Hanok is the traditional Korean housing. Usually, the gate of a Hanok was found at the end of a narrow winding lane. Behind the gate, there was a yard surrounded by a stable and a Haengnang, servants' room or a yard with a room where the head of the household resided. Moving from the yard inside, there was another entrance called Jungmun, the inner gate. Deep within the inner gate, there were the Anchae, the inner quarters of the house in which the women lived and worked. In earlier days, a common type of Korean house was built primarily of wood and clay. The roof was not high and was thatched with straw or, for the more well-to-do, roof-tiles. The simplest form of the typical Korean house consisted of a living room, a sleeping room and a kitchen, with the toilet set apart and away from the living quarters. The structure and size differed according to the size of the family, the range of social acquaintances and wealth.

A larger house would consist of the main family quarters at the center, a closet, a maid's room, a barn and a toilet at the side. Toward the front part of the inner yard were quarters for the master of the house and for male guests, called "sarangchae," and adjoining the gate was a room for servants. Today, it would be difficult to point out a typical Korean house, for nearly all recent structures are of concrete or ferroconcrete construction. Though not widely recognized, this change, from predominantly wood structures to largely concrete structures, entails a subtle yet far-reaching transformation in the lifestyles of Koreans. Some of the rooms have ondol floors which are heated from under the clay floor. This system of heating is so ingrained in Korean life that even the most fashionable, Western-style houses built in recent years are, with few exceptions, provided with a few rooms that are heated through the floor. Likewise, many Koreans still prefer to sit and sleep on cushions and thick mats on the floor. In a traditional Korean home, there is little furniture and seating is on the floor. Bedrooms and living rooms were not distinguished; a living room also functioned as a dining room. Anbang used by the women of the house was located at the back of the house and was used as a place for family gatherings. Not surprisingly, this room was also equipped with wardrobes, bedding and other domestic paraphernalia. The master of the house, by contrast, inhabited the front part (sarangchae) of the house which was also used as a reception room for guests.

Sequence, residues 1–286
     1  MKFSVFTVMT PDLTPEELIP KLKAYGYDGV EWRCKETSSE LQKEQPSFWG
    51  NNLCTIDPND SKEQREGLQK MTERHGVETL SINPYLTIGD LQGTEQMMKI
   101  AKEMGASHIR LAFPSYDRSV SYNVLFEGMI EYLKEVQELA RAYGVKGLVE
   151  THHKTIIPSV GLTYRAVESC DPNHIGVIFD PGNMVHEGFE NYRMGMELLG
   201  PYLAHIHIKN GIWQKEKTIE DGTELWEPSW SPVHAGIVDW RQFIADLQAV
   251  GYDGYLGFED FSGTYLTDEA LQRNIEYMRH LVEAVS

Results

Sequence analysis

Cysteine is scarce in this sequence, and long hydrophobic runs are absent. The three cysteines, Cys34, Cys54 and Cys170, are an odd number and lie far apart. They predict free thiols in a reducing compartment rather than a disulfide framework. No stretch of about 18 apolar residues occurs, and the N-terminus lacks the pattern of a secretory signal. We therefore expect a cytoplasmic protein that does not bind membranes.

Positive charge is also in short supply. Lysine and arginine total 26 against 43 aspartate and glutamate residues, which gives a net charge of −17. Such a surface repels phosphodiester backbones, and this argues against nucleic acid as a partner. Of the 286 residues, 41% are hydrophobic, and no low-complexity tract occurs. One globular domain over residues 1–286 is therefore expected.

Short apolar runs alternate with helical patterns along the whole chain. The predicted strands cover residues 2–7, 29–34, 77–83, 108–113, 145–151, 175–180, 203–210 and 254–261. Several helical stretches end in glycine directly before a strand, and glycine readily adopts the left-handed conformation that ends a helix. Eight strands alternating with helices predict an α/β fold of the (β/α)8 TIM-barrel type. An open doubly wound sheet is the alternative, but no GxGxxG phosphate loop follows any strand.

Ondol, found only in Korea, is a heating system to warm the floor itself. An Ondol system is composed of an Agungi (furnace), a Gorae (floor heater), Gudeuljang (stone slab), and a Gulttuk (chimney). Agungi is a place to make the fire in and is located outside the room. The Gorae is the flue through which move the heat and smoke generated by a fire in the Agungi. The Gudeuljang is a thin flat stone covering the Gorae and at the same time forming the floor to the room. This lets the heat moving through the Gorae make the Gudeuljang hot, thus warming the floor. Finally, the Gulttuk, the chimney, is the passage through which the smoke, having moved through the Gorae, is eliminated outside the house.